A suspicion can be raised by one of spouse if the other spouse goes against the terms and condition of the will. The third party can raise the suspicion that should be in favour of natural legal heirs of the deceased.
Supreme Court Rules on Right of Alienation in a joint will and mutual will
Alienation is defined as a capacity for a piece of property or a property right to be sold or otherwise transferred from one party to another. Although the property is generally deemed to be alienable, it may be subject to restraints on alienation. In K.S. Palanisami (Dead) v. Hindu community in general and citizens of Gobichettipalayam and others, the Supreme Court of India discussed on the issue related to an ‘absolute right’ to deal with the properties under a ‘joint and mutual will’. The Court held that when there is any legal declaration made by the testator with respect to property then the court cannot ignore or add any word while executing the will. The intention of the testator is taken into consideration while reading the language of the document. Generally, in a joint will, the word ‘absolute’ is used many times which leads to myriad interpretations:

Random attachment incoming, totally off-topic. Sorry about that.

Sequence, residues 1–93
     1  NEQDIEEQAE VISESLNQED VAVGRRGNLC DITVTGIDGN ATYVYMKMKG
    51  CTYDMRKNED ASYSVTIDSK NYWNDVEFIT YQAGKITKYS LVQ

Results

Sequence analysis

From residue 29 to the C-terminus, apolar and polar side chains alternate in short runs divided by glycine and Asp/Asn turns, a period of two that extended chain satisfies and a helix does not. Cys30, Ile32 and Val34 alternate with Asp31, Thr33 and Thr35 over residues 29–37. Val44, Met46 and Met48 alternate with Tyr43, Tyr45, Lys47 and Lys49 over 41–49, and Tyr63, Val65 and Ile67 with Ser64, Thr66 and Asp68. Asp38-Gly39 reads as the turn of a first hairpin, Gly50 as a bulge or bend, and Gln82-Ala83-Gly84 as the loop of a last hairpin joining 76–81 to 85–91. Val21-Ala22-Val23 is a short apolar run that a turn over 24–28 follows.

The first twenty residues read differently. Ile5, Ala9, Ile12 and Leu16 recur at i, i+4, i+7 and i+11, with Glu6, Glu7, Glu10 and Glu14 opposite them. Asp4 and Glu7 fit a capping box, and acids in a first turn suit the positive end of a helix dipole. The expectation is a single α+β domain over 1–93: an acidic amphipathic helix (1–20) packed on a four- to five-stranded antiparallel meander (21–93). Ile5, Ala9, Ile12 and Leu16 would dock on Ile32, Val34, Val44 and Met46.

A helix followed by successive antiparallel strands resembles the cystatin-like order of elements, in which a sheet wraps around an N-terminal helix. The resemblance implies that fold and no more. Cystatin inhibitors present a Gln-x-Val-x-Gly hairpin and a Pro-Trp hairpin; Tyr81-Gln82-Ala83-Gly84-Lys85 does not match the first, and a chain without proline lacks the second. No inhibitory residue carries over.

- The construction of the will is entirely unambiguous;
- The will specifically manifest the testator’s intention
Can a ‘joint will’ take effect after the death of any one of the testator?
The joint will made by the two-person will take effect after the death of both the person. The will not be admitted to probate during the life of either. Joint will are revocable at any time by either of the testators during the joint lives, or, after the death of one of them, by the survivor.
In executing a joint will it is necessary that the intention of the testator should be taken as primary evidence. In a contract or an agreement, it is necessary to prove that after the death of one of the testator the surviving testator have only disposed of his property only. So, it is concluded that contract plays a major role in executing the joint will.
 AIR 2012 Ker 72
 AIR 2017 SC 1473